The bridge has been marked for either renovation or replacement since 2010, and required public meetings and studies because it is a state project. Woodford County is responsible for the bridge, but the state assumed control in return for the county doing some work for the state several years ago. Before any decision could be made, the damage from heavy trucks forced state engineers to close the bridge on July 1, 2016.
When the work was done, the view from above the mill dam looked very different than it had since 1935. (Photo by Al Cross)

Thursday, August 29, 2019

Removal of Weisenberger Mill bridge is set for Friday

Thursday evening, the crane was in place for Friday's work. (Photo by Al Cross, Midway Messenger)
The steel structure of the Weisenberger Mill bridge will be removed by a crane Friday to make way for the new bridge, the state Transportation Cabinet announced in a press release.

"Louisville Paving Co. Inc. will take out the steel truss between the hours of 8 a.m. and 5 p.m. tomorrow. The time frame for lifting by crane to transfer truck is approximate," the release says. "Kentucky Utilities will de-energize the overhead power lines pending appropriate weather and temperature conditions." The weather is forecast to be sunny in the morning and partly cloudy in the afternoon, with temperatures rising from 66 degrees at 8 a.m. to 87 degrees in late afternoon.

Louisville Paving will move the bridge, which was built in 1935, to its yard. The new bridge will be built in a similar "pony truss" style because the State Historic Preservation Office deemed the site to be eligible for inclusion in the National Register of Historic Places.

The bridge has been closed since July 1, 2016 because of damage caused by heavy trucks. Its replacement was delayed by required hearings, historical and environmental studies, and right-of-way acquisition.
A Transportation Cabinet photo earlier in the day shows the lifting supports installed across the top of the bridge.

Tuesday, August 27, 2019

Mayor: Stephens Street sewer work, followed by paving there and elsewhere, is to be done in time for festival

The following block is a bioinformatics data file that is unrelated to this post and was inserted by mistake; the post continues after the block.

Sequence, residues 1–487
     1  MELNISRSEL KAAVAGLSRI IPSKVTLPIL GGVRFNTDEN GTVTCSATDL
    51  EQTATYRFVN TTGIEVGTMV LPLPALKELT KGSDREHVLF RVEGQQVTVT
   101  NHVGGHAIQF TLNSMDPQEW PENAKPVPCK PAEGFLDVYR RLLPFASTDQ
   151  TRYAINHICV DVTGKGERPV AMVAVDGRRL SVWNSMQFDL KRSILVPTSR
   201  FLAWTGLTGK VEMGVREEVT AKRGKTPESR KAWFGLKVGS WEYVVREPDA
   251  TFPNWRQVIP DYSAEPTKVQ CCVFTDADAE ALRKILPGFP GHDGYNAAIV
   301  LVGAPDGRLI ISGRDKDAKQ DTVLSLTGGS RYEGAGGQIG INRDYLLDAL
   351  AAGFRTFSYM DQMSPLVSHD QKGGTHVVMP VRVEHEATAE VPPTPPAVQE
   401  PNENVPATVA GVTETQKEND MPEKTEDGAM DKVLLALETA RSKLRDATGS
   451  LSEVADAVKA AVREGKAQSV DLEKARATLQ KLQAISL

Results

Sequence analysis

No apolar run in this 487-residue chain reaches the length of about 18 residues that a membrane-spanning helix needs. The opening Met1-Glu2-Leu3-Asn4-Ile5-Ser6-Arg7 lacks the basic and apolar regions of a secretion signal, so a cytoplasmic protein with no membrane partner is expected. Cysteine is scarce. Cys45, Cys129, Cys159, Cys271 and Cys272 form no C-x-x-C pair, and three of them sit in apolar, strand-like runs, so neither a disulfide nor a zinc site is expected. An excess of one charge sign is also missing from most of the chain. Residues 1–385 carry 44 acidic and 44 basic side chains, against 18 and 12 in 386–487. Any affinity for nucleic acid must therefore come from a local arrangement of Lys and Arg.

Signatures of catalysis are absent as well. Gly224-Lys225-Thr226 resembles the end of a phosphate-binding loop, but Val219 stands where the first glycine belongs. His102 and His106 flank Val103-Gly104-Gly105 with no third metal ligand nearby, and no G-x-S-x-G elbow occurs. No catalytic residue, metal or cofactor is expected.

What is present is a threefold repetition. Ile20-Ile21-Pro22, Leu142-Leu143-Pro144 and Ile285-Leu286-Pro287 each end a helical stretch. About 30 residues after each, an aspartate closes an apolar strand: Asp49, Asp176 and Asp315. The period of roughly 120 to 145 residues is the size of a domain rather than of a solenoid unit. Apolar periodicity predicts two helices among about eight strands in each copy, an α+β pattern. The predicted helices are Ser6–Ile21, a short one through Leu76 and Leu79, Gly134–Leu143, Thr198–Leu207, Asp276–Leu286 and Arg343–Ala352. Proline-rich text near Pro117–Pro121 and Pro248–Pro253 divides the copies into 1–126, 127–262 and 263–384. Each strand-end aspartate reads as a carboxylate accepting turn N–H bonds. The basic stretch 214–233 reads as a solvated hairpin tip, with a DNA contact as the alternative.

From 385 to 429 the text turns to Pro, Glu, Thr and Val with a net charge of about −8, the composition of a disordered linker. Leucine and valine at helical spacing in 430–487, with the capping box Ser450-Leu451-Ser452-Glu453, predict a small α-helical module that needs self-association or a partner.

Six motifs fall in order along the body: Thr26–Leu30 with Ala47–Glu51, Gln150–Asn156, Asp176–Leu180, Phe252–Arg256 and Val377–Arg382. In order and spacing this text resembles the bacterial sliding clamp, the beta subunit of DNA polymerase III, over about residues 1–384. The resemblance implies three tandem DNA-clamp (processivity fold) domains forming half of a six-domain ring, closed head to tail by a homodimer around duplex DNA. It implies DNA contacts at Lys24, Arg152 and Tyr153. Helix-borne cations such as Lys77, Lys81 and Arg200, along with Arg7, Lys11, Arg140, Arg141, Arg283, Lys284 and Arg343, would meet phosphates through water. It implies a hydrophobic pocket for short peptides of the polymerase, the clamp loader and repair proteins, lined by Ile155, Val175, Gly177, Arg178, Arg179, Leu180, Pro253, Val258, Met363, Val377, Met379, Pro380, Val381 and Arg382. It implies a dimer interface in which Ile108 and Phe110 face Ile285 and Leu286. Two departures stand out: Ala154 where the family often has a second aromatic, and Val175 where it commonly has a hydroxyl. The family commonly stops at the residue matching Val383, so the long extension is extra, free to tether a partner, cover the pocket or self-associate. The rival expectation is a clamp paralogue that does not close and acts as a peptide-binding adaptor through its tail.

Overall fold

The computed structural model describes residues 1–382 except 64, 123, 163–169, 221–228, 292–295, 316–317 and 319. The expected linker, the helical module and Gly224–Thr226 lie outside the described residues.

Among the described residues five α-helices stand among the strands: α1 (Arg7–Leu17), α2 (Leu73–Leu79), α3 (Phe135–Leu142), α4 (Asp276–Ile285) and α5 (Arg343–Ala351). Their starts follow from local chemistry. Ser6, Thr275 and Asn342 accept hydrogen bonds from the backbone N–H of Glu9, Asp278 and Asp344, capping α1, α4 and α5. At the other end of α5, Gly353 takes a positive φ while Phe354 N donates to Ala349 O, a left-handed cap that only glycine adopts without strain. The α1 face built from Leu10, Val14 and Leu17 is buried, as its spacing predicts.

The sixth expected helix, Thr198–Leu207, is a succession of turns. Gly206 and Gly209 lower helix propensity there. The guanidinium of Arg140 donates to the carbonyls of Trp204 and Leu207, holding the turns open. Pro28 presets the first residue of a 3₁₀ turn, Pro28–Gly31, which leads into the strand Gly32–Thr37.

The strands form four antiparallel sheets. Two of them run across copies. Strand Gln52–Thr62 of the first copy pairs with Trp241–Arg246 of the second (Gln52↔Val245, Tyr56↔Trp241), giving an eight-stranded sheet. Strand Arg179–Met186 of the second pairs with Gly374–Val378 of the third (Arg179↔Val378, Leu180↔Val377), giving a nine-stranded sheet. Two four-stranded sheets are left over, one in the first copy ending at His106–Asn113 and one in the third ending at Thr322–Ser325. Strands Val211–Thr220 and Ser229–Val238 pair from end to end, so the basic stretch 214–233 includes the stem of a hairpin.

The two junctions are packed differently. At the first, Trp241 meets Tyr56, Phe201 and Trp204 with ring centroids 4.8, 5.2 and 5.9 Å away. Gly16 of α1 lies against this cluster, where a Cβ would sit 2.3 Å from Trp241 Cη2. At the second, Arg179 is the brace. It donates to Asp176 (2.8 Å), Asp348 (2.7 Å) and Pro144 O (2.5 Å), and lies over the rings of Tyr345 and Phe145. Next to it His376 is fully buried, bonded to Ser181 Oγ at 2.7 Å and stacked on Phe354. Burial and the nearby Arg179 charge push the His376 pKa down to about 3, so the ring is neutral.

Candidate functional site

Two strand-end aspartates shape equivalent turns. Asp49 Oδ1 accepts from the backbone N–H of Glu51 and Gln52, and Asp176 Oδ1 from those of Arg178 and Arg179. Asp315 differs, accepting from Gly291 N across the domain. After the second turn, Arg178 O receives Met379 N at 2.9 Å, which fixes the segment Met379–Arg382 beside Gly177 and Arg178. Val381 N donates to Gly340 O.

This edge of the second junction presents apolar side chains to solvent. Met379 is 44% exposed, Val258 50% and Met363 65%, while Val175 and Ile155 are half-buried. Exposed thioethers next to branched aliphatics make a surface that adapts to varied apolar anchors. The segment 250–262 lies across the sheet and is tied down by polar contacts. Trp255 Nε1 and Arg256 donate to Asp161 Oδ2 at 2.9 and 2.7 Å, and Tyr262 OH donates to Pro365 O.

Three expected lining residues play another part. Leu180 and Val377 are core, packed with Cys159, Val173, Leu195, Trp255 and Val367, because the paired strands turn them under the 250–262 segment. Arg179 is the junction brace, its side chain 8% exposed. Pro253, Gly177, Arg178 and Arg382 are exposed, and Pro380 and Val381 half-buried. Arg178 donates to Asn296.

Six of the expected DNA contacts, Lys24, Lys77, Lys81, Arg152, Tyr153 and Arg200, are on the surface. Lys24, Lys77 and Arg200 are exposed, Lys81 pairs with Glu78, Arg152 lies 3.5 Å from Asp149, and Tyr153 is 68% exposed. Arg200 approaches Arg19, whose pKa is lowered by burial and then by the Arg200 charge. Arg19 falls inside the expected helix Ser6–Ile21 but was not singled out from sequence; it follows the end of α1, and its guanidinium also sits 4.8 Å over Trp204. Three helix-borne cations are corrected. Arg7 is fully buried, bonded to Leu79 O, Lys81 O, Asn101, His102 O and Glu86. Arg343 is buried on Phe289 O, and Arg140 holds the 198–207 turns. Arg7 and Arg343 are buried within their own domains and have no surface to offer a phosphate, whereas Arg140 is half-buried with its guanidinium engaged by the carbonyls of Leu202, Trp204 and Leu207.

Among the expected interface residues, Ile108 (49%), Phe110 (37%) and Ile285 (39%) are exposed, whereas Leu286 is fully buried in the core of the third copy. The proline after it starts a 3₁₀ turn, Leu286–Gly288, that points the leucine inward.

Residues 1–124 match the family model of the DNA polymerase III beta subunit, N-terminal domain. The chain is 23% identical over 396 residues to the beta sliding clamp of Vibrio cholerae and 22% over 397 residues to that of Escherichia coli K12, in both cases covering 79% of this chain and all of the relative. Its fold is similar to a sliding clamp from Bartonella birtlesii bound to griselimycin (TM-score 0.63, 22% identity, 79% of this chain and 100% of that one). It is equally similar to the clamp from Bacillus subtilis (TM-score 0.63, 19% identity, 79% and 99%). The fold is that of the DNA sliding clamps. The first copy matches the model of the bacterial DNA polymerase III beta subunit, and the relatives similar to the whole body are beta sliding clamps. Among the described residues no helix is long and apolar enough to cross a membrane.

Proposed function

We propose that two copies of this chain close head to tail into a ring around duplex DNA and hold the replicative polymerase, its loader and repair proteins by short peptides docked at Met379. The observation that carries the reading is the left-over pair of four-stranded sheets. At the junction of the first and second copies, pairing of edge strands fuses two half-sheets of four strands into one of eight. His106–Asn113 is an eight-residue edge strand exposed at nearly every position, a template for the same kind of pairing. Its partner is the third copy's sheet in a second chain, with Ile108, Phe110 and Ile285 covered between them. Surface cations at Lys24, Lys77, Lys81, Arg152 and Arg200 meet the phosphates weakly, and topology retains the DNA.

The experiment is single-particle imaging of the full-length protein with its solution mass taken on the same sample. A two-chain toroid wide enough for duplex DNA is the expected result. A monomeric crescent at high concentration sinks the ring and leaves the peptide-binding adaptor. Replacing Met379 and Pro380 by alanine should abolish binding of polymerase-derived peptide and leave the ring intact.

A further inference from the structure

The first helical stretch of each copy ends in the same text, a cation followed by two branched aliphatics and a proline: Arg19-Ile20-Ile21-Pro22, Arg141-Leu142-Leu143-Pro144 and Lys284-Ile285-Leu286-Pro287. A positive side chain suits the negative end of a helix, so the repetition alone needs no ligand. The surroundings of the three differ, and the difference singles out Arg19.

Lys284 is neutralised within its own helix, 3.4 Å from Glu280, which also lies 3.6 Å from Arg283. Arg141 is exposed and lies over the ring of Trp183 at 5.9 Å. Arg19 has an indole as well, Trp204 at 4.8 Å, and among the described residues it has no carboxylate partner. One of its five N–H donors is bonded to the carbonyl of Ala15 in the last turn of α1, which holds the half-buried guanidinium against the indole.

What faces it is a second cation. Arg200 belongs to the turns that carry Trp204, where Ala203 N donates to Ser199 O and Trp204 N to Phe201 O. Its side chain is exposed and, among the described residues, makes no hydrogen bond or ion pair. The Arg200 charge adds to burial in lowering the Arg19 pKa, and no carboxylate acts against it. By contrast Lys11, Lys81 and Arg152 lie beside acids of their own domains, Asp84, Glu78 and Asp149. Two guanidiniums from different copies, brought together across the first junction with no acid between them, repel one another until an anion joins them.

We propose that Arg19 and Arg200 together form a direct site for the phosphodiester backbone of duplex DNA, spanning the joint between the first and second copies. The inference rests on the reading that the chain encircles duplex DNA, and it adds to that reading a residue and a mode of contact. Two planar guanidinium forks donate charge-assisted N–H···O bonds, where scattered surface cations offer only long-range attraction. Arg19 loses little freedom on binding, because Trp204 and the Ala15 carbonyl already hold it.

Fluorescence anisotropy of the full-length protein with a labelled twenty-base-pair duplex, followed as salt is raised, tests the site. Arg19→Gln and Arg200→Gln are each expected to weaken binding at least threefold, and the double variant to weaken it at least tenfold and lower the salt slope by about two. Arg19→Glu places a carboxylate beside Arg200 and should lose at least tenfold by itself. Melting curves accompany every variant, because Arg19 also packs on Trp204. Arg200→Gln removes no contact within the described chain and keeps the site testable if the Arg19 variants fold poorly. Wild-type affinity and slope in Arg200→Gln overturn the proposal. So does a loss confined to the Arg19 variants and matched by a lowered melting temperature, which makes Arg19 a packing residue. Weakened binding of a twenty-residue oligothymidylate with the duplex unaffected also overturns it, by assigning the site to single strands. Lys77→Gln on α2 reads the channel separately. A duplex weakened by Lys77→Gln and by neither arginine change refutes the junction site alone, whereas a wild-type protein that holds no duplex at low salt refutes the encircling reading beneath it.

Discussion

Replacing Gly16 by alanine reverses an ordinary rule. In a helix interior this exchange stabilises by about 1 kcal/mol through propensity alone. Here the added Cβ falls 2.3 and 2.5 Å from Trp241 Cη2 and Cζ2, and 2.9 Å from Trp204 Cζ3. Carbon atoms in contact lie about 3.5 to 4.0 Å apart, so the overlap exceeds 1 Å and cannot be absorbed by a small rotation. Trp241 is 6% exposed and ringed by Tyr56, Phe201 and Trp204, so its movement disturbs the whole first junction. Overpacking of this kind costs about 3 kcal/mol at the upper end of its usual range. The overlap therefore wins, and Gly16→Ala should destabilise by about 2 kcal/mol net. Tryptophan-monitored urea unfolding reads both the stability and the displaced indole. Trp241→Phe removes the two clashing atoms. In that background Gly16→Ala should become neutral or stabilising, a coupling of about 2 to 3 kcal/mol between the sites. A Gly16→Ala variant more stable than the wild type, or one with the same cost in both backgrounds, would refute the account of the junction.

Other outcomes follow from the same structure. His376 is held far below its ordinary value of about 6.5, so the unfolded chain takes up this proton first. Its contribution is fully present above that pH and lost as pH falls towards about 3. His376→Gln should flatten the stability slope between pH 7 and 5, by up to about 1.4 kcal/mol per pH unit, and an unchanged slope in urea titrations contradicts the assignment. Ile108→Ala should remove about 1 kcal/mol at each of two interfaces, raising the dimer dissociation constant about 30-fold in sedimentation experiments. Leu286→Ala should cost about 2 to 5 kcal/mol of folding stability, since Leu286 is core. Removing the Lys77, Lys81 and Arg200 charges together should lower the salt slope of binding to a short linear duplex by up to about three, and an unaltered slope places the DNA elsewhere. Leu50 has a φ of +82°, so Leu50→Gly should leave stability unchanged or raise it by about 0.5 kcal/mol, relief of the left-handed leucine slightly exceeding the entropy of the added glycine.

Street paving on and near Stephens Street, following storm-sewer work on the street, is expected to be completed by Sept. 20, just in time for the Midway Fall Festival, Mayor Grayson Vandegrift said in an email this morning. He gave this schedule:
  • 8/26-9/1: Storm sewer pipe work on East Stephens Street
  • 9/2-9/9: Concrete curb work on North Winter Street (near City Hall) and E. Stephens
  • 9/10-9/13: Milling and paving on E. and W. Stephens, Starks Alley, N. Winter (near 421)
  • 9/13-9/20: Clean up and finish
"This is obviously tentative," the mayor wrote. "Weather and unforeseen circumstances could delay this schedule, but this should be wrapped up by Fall Festival," which will be held Sept. 21-22. "Each of these areas is going to be much improved with more functional storm sewers, better storm-water flow, and better roadways."

Vandegrift said workers ruptured a gas line last Friday "due to the 'spaghetti' nature of lines that were buried a long long time ago without adequate mapping. That is all fixed up now, though, and the project is off to an otherwise smooth start. I’ll keep you apprised if anything changes or new developments occur."

Monday, August 26, 2019

Supplier says Midway water tastes different because it switched sources, and maybe for seasonal reasons

Midway's water has tasted differently lately because Kentucky American Water switched sources, and perhaps due to seasonal factors, Mayor Grayson Vandegrift said in an email today.

"In response to some residents questions about an 'earthy' taste and odor in our water in the last week, Kentucky American Water has advised us that the water is safe to drink, but two issues are causing the difference in taste and smell," Vandegrift writes. "One reason relates to a source change last week when the Owenton plant went down and KAW began pumping to us from a different reservoir. That source apparently is known to have a different taste, but the water is still safe to drink."

Also, KAW told the city in an email, “Changing weather conditions can lead to earthy or musty tastes and odors. This occurs seasonally, typically during the warmer weather from spring thru fall. The perception of tastes or odors in water varies widely between individuals. Some customers are more sensitive and may perceive minor differences in the water. The water remains safe to consume and continues to meet all water quality standards. When variations in our source water occur, we adjust our treatment processes accordingly.”

Vandegrift added, "If you have any questions please feel free to holler as usual."

Friday, August 23, 2019

Weather forecast for last Midsummer Nights in Midway of 2019 says rain will end just in time, bring cool temps

This year's final edition of Midsummer Nights in Midway will start at 6 p.m. this evening and run to 10 p.m. Temperatures are forecast to be 71 to 67 degrees, with the chances of rain ending by 6.

The Midway Renaissance event includes live music from Superfecta, stores open longer hours, and a long list of vendors, including Wagon Bones barbecue, Deaner’s Wieners, West Sixth Brewery, Rooster’s Whistle Coffee Co., Ashley Curtis (baked goods), My Creator’s Hands (vinyl lettered crafts), Midway Makers (crafts of all sorts), Whither Wander (handmade jewelry), Horsefeathers (fabric crafts), Two Ladies & A Kettle (kettle corn).

Restaurants will have specials, and the Railroad Drug & Old Time Soda Fountain will have ice cream. The St. Matthew's AME Church will have a fish fry.